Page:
House Votes to Overturn True Lender Rule, Sending Repeal to President’s Desk
Yesterday, House lawmakers voted to pass legislation overturning the Office of the Comptroller of the Currency’s (OCC) “true lender” rule issued in October, which governs partnerships between banks and third-party lenders. In May, the Senate voted to repeal the rule, so it is now headed to the White House for President Biden’s signature.
Acting Comptroller of the Currency Michael Hsu issued a statement after the vote, saying that the OCC would continue to combat predatory lending and expand access to the financial system.
“Both of these priorities are part of the agency’s mission of ensuring that national banks and federal savings associations provide fair access to financial services for all Americans and that customers are treated fairly,” Hsu said, according to Bloomberg.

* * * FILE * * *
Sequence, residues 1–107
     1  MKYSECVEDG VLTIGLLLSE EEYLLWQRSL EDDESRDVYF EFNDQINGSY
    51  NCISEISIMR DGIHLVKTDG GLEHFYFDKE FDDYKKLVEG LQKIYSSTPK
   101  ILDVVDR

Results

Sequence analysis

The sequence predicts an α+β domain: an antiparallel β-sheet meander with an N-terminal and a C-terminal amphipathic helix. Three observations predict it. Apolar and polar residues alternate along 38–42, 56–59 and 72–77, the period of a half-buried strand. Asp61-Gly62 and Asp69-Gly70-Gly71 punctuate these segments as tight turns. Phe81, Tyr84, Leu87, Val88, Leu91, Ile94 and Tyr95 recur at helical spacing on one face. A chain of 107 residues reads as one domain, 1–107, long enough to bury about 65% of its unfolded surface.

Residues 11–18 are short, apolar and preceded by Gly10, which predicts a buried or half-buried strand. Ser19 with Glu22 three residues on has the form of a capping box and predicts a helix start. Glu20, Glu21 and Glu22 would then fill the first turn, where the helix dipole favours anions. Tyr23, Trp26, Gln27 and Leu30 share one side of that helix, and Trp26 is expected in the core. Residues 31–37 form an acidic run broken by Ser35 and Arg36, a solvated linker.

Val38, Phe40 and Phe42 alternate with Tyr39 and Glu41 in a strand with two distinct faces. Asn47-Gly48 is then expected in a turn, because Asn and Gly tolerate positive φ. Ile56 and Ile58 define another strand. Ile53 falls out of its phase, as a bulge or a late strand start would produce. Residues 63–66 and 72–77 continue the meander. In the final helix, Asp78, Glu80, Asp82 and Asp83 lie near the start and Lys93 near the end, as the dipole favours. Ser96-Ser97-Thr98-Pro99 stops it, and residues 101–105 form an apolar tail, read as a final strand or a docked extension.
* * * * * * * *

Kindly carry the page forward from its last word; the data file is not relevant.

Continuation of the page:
Consumer advocates said the rule allowed fintechs to escape state interest rate caps by issuing their loans through national banks that are not subject to those rate caps. Some also alleged that it brings back “rent-a-bank” schemes, as banks only have to provide paperwork on a loan to be considered true lenders, rather than taking an economic stake.
Supporters of the true lender rule, however, argued that its repeal will have a negative effect on fintechs and their customers. Scott Talbot, vice president of government relations at the Electronic Transactions Association, said its repeal “will inject uncertainty into the modern finance system, where banks and fintechs have converged to make credit available to small businesses.”
The repeal might not drastically change the bank-fintech business model, “but it’s going to make it more vulnerable to litigation,” said Karen Solomon, senior of counsel at Covington & Burling LLP, and a former top OCC official.